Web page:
Banks seem to have easily digested energy-related losses and are now well positioned to realize related recoveries with otherwise “low loss levels in an extending business cycle” according to a research note from Credit Suisse on the state the global credit market published at the end of last week noting how Credit Costs have decreased.
Credit Costs Have Reached A Cyclical Low
As the Federal Reserve begins its tightening cycle plenty of commentators are worried that higher interest rates will be bad news for the US economy as debt built up over the past decade will become harder to maintain.
On the topic of credit costs, Credit Suisse seems to agree with this viewpoint. The bank’s credit analysts Susan Roth Katzke believe that credit costs have now “passed their cyclical trough” and the predominant trend for interest rates across the board is now “upwards.” The one area of the market that might see some reprieve is on the commercial side of the credit cost equation.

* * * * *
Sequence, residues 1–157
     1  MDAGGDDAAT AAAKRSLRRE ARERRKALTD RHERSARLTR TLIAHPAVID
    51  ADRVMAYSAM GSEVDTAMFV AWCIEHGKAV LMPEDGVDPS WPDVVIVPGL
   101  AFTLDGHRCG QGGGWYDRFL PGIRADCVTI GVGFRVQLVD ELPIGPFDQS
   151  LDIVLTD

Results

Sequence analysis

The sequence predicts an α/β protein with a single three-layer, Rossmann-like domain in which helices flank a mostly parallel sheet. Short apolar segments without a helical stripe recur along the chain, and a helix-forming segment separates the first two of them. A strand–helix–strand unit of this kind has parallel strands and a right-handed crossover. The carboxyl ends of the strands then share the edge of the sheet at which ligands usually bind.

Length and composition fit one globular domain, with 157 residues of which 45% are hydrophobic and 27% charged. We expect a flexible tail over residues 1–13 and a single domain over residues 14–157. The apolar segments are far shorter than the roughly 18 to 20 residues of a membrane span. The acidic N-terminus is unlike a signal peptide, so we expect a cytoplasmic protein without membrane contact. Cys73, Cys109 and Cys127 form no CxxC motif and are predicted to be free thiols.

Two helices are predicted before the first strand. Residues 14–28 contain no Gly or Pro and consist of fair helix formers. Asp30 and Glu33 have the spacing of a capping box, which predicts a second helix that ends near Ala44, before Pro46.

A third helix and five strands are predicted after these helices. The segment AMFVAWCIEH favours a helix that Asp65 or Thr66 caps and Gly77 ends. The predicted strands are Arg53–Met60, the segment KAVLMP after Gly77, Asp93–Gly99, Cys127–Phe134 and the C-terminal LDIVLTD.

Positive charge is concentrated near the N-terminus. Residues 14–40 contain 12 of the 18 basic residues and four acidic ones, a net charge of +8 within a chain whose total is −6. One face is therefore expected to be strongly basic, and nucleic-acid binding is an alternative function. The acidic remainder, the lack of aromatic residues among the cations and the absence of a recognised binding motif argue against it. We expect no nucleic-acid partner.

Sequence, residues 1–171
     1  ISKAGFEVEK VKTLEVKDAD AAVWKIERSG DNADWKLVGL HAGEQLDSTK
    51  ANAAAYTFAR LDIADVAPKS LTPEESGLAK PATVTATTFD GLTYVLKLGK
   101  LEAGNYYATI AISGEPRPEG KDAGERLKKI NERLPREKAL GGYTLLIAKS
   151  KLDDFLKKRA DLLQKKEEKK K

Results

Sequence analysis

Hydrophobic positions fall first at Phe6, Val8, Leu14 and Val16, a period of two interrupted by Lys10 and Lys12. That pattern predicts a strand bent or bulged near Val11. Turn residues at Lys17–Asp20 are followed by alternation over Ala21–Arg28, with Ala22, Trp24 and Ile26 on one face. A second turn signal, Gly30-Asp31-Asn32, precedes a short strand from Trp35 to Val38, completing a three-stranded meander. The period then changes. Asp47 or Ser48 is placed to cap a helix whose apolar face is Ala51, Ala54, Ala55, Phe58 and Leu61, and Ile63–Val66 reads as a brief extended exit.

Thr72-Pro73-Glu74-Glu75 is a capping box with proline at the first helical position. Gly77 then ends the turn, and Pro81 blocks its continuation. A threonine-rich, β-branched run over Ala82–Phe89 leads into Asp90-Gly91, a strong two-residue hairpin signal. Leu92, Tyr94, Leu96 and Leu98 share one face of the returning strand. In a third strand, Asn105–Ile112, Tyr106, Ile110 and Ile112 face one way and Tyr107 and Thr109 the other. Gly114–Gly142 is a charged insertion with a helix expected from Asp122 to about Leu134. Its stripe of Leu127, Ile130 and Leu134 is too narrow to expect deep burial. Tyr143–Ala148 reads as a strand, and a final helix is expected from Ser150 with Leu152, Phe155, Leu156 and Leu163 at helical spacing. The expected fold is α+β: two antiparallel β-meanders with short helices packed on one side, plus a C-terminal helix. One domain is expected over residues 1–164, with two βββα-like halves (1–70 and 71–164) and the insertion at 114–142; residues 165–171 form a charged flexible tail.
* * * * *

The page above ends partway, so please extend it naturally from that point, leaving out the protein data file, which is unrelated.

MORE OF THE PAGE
But even though costs are set to increase, the analysts believe that despite the drag from energy losses banks stand to benefit from “low loss levels in an extending business cycle”. Compared to past business cycles the June 2009 to current cycle is the third longest in history but at 93 months is still several years shorter than the March 1991 to March 2001 business cycle.
Last year a rise in defaults was picked out as an indicator that the current business cycle could be nearing the end of its life. But Credit Suisse’s team believe this optic in default is nothing but a “bump in the road,” not the beginning of the end. Specifically, the team writes:
“History would suggest that it’s too soon for the banks to be approaching the point of a material upturn in net charge-off rates—the banking industry is only 16 quarters into what has historically been a period of 20+ quarters of very low loss rates in a cyclical recovery. We remain of the view that credit costs have passed their cyclical trough and the predominant trend is now upwards. That said, we can expect a near term reprieve, with commercial credit quality indicators stable and energy recovering.”
Declining high yield defaults and a rising credit rating upgrade/downgrade ratio further reinforce this case.
What’s also interesting, is that after peaking in 2016, US corporate leverage is now starting to decline.